I read in a magazine recently that aside from the very bright ‘Living Coral’ – Pantone’s 2019 Colour of the Year, described as “hopeful and optimistic” – various greens also appeared in the list. Emerald was in amongst the “Jewel Toned Accents” and Lime Green within “Electric Tones”. Very handy to know if you like to keep up with these kinds of trends or want to repaint your bathroom! For some of us who are more constant in our devotion to certain colours, colour trends are a slightly odd concept. We find our colours and keep them - they’re part of who we are and how people recognise us.
Testing out mixed greens as I paint
Aside from designing the patterns on Nicholas Mosse Pottery, as a botanical artist I’ve been thinking about the colour green for years. It’s a continuous challenge finding the right green for the plant I’m painting. Green is full of infinite possibility, filling in the spectrum between blue and yellow. In actual physical pigments, there are numerous yellows and loads of blues, so it's which yellow and which blue you mix that will determine the green you end up with and whether it’s right or not. Apple, sage, wormwood, asparagus, shamrock, lime, olive, acorn, celery, mint, bamboo, holly - each present as a very particular kind of green. My much-loved favourite is ‘Sap Green’, as I’ve found it closest to most of the leaves and stems I work on.
Like ‘Living Coral’ green is also a “hopeful colour” through its association with nature, new life and spring. And with just that little bit of warmth in the air the garden is daring to sprout new growth, all of which is a vital, fresh green compared with the richer, deeper tones of past years’ foliage. Just one shrub can have such variety of greens. It makes this time of year so wonderful even before all the colourful spring flowers start to bloom.
Forget-Me-Not and Lawn Plates and a Lawn Large Mug. The different tones on our Lawn pattern are made by layers of over-lapping blossoms to create different green tones. At this time of year I also enjoy the slant of light at certain times of day cuts across and through leaves, illuminating them and throwing the veins and structure into silhouette.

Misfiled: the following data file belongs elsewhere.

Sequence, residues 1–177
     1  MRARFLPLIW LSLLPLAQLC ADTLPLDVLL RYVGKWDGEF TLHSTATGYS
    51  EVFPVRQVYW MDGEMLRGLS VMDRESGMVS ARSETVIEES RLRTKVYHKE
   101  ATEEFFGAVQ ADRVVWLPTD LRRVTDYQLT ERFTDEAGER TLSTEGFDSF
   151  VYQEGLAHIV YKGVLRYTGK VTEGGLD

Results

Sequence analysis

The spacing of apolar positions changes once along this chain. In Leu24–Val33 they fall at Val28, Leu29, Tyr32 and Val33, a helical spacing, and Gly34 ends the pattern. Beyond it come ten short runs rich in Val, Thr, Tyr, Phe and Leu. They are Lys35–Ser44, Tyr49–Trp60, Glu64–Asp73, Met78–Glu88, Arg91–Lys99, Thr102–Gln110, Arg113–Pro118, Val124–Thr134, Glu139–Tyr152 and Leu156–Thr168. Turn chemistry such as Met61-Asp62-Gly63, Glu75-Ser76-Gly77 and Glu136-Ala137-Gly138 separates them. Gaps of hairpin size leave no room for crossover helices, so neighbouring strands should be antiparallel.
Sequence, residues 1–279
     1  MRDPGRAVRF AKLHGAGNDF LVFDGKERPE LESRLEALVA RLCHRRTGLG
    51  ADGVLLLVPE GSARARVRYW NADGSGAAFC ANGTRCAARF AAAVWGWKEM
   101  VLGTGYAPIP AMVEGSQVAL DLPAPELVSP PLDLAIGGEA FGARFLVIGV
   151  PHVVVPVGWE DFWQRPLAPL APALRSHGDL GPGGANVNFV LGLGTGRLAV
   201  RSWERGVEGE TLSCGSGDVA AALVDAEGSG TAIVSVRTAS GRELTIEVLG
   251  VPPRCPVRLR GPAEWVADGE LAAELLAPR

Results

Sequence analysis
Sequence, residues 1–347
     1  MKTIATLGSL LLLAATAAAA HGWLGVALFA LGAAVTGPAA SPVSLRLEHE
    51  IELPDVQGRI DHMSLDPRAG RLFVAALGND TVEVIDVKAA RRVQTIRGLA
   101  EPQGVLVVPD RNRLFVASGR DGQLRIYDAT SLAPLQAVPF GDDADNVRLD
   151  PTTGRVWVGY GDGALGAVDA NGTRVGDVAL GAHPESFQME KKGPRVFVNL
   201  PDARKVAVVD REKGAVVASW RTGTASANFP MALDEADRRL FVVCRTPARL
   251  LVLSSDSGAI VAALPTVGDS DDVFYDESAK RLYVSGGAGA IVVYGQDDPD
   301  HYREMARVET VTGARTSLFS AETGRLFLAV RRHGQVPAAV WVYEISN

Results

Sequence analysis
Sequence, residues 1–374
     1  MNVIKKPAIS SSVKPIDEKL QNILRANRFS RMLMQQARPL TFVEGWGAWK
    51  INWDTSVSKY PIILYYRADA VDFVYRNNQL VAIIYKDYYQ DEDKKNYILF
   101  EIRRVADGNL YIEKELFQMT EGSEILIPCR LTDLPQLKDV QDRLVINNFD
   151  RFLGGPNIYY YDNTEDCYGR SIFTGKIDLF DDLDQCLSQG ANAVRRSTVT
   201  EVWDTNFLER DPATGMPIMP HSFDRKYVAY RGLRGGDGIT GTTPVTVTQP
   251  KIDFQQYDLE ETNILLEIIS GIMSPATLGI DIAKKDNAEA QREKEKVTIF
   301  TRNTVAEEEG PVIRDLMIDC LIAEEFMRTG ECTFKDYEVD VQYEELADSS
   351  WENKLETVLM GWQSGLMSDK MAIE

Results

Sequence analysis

Green dyes and pigments have been traditionally made from all sorts of natural sources - fern, buckthorn berries, the juice of nettles, leeks, foxgloves, gorse and the leaves of ash and birch/alder. I could read through a list of colours of plants forever, they read like a poem. The earth itself can also give us ‘Terre Verte’, or ‘Green Earth’ – a pigment close to our hearts at the pottery as it was originally derived from clay. It was found in certain counties in Europe – Italy, Poland, France – and the clay was washed and then powdered. This tone was often used in medieval painting as an underlayer for faces, to compliment the flesh tones painted over it. Another green, a grey-green that I’m also fond of is ‘Verdigris’ – familiar to us in this wonderful yet damp country on many a bronze statue that has weathered a bit of wind and rain. Other metals, like copper (think of the Statue of Liberty) and brass will also turn this quite bright grey-green over time. At least appealing colour comes out of so much the dampness!
If the climate change forecasters are right though Ireland may not be as wet in years to come and may struggle to keep hold of its ‘emerald’ reputation. At Nicholas Mosse Pottery we have always strived to BE as ‘green’ as we can and to reduce our impact on the environment. Heating our kilns to the high temperatures needed to fire our wares requires considerable energy. We set the Old Mill’s wheels turning again in the 80s to generate hydro-electricity from the River Nore so as to make this process as sustainable as possible. All the heat that is produced and the water used on site is recirculated/recycled. We try to do our bit for this precious planet.
We’re potters not campaigners, but if you want to do something, however small, you can take part in Earth Hour on 30th March. And turn off your electric lights and appliances for (only!) an hour between 8.30pm and 9.30pm in a show of support for a healthier future for our planet. It’s a pretty small gesture, but cumulative individual actions can have an impact, like all those layers of colour.
Larry Kinsella from Moth to a Flame. He makes a variety of different shapes and sizes - pillar, household and arty candles, like this one on the right, which has lots of texture to let the light glow through with varying intensity.
If/when you do turn of your lights you’ll need candles! In an attempt to both celebrate our glorious country for St Patrick’s Day and to salute our planet we have commissioned our friend and local candle-maker Larry Kinsella from Moth to a Flame to produce a limited edition special green household candle to fit our Reversible Candlesticks.
On 30th March you can turn off your lights for an hour for Earth Hour
Like our pottery, hand-making candles is a process with many meticulous stages. Colour plays an absolutely vital role too. Larry has been hand-making candles in his workshop along the river from us in Bennettsbridge for years. In fact, it’s his 20 year anniversary this year. As well as making green candles for us, we hope he’s also making himself twenty birthday candles.